Feb. 24 marked the one-year anniversary of Russia’s shocking and brutal invasion of Ukraine. A year ago, we never imagined this war would continue this long. We never imagined that like David before Goliath, Ukraine would continue to stand firm against Russia’s massive military strength and defend freedom for 365 days and counting!

We never imagined three of the communities Action-PSJ supports would come under Russian army control, two of these communities would be destroyed almost beyond recognition, and a rocket would land next door to one of our long-time community coordinator’s homes and miraculously leave him unharmed. 

We never imagined that all of our coordinators and 90% of the elders we serve would remain in Ukraine throughout the war. We never imagined the bubbies and zaydes we serve would need to survive so many wartime shortages without food, electricity, water, heat, and medical supplies. 

Throughout it all, Action-PSJ, because of your generous philanthropic support, has been there with the life-saving humanitarian aid and financial support Ukraine’s elderly need to survive. Looking back, who would have ever imagined how dire this war would be for seniors in Ukraine?

According to Amnesty International, the ongoing conflict has a staggering human toll on the elderly—3.4 million people depend on humanitarian assistance; one-third are over 60 years old.

Elderly Ukrainians are more likely to have stayed in homes that are in dangerous areas, lack functional roofs or windows, or do not have electricity, heat, or running water. Older people are locked out of the private rental market by poverty-level pensions and unable to live in temporary shelters if they have disabilities.

Hospitals and clinics, often the first places the elderly turn to for assistance, are under attack and overwhelmed. The United Nations notes the number of recorded attacks on health care facilities last year was the highest in the world. There were 745 incidents as of Jan. 4. 

Responding to this horrific health care situation, Action-PSJ has created an innovative telehealth system with Ukraine’s acclaimed Jewish Medical Center that helps to meet the medical and psychological needs of the elderly.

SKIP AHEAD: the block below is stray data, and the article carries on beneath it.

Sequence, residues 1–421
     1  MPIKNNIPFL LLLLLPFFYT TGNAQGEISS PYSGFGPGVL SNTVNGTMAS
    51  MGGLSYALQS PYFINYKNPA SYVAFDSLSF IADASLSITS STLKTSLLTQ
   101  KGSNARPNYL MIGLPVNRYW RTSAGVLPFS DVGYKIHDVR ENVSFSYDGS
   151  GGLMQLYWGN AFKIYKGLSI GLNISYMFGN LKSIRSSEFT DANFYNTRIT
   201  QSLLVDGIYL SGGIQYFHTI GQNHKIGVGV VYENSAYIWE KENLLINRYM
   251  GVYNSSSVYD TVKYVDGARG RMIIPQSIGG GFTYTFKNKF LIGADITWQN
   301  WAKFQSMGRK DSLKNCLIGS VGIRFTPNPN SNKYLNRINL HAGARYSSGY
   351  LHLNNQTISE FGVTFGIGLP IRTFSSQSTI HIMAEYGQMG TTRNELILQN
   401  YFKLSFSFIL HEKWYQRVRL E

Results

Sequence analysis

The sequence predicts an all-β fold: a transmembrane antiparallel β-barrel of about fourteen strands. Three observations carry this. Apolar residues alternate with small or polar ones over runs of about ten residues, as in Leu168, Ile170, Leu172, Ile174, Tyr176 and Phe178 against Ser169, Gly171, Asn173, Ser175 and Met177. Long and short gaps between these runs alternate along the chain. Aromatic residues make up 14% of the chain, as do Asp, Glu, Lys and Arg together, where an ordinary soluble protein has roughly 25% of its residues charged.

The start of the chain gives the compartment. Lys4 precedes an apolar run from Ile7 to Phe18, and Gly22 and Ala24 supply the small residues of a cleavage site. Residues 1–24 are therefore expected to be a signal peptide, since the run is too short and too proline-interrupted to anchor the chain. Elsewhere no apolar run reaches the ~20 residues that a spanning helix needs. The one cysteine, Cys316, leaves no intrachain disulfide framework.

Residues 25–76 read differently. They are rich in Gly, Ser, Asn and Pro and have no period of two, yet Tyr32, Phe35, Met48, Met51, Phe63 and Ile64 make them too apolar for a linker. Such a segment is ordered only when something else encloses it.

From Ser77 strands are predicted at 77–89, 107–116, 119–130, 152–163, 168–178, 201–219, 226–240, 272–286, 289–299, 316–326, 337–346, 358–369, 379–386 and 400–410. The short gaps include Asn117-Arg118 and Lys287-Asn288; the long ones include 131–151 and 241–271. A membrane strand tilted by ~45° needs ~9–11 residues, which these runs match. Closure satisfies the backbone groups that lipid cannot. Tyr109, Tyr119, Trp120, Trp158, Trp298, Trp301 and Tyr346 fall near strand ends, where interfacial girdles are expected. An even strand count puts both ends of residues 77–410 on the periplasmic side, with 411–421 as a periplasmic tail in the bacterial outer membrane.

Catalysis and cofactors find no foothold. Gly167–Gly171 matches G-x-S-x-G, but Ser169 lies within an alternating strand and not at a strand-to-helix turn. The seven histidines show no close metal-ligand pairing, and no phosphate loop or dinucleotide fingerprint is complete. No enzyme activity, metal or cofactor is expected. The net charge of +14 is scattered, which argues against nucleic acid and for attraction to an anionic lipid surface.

Throughout the turmoil and violence, Action-PSJ’s heroic local coordinators have continued to provide support so desperately needed by their neighbors. Working with our many partner organizations, this past year, Action-PSJ shipped over 15,000 tons of humanitarian aid to Ukraine, including food, clothing, blankets, heaters, medications, and first aid supplies, as well as more than $75,000 in financial subsidies.

With our direct neighbor-to-neighbor, heart-to-heart approach, all this aid is distributed directly to the elderly and others in need. (For a complete overview of Action-PSJ’s work in Ukraine, view our 2022 annual report.) Our streamlined organization ensures that your support has maximum impact.

This monstrous war and its consequences continue with no end in sight. The overwhelming demand for housing, heating, food, medications, clothing, and financial support continues to grow.

While bubbies and zaydes across Ukraine are facing war-time power blackouts, you have the power to act now and save lives. With your support, Action-PSJ will continue to provide our needy elders with food, medicine, and other life essentials, including the sense of hope that comes from knowing that people thousands of miles away care.

While we never imagined our friends in Ukraine would have such dramatic needs, we are thrilled and grateful that our community has provided the support needed to respond to this humanitarian crisis. Action-PSJ’s unique person-to-person approach and boots-on-the-ground network across Ukraine make it possible for your local kindness to have a global impact.

One year later, we stand in awe of the bravery and resilience of the Ukrainian people and pray that peace will ring out across their land.

Nadiya Sadirova artist statement

(Image: Nadiya Sadirova)

“I was making a parallel between dates and numbers, so I put a clock in the middle of the artwork. It’s 24 hours and the 24th of February. And 12 numbers on the clock like 12 months in one year. It is also about the perception of time during the war.

“And like a culmination of everything, there is a Freedom (reference to the motherland monument in Kyiv), who broke the circle of wartime. She (us) sees these symbolic dates and numbers as Russians see them, but unlike Russians, who use them to destroy democracy and to justify genocide and think these dates give strength to them, She (us) uses their power to fight for freedom instead. And, in the end, the same numbers work for light because only we decide what makes us stronger or weaker. So we chose to fight. And all together we will win.”

Debbie Kardon is executive director of Action-PSJ.

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